Buildings that heal themselves could be the future

Attendees at Toronto’s Ontario College of Art and Design University’s Urban Ecologies conference were presented with the idea that buildings of the future will be able to repair themselves.

The idea was included in a presentation delivered by Rachel Armstrong, who is an architect and medical doctor. She currently works at the University of Newcastle as a professor, where she teaches experimental construction techniques and leads research into the field of living architecture.

She said to conference attendees:

“Architects have to start thinking about buildings as new natural systems.”

She believes that the buildings of the future will no longer be inert structures. Instead, they will be organic structures that have natural processes built into them, some of which will keep the building strong.

An example she gave of how this idea could be applied was, Venice. This historic city is built primarily on wooden piles that were sunk into the Venetian Lagoon. These piles are slowly rotting, but it is believed that a natural process can be harnessed to strengthen these wooden stakes. Armstrong explained that it is possible to encourage limestone to grow naturally on and around these stakes, which would reinforce them.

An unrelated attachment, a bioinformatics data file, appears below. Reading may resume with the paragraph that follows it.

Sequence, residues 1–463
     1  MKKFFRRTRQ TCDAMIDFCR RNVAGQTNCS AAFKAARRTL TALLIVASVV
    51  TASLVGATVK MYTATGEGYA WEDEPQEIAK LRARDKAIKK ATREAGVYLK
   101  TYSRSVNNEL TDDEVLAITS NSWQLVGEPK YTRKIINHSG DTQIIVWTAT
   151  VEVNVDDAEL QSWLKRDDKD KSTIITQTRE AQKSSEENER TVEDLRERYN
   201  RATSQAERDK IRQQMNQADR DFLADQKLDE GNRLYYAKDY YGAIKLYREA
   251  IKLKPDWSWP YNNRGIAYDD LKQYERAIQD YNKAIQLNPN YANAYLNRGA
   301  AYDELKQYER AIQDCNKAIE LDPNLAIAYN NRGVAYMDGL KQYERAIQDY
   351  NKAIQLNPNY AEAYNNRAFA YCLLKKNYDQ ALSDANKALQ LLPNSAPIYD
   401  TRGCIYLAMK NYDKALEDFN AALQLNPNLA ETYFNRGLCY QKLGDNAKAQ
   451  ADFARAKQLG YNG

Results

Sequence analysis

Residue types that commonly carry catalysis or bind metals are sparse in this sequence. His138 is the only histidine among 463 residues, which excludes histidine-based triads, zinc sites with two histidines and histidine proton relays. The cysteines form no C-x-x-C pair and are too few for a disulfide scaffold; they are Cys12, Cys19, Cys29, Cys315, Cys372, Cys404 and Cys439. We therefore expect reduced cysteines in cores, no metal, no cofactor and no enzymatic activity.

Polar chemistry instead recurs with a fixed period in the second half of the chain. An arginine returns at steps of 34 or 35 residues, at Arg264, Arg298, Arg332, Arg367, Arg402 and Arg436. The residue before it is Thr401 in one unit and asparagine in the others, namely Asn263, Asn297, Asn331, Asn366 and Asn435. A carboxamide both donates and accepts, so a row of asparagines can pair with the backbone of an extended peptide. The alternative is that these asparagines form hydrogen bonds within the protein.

She went on to explain that there are microorganisms that create heat, produce oils and trap sunlight. All of these have the potential to turn our homes and other buildings into productive resources. Her ideas are still some way off being fully ready for use, but architects in Chester and other UK cities are being inspired to think beyond the norm when designing all kinds of buildings and are likely, in the future, to have new materials to work with.

Posted by Matt Hughes
July 16, 2015
Sustainability

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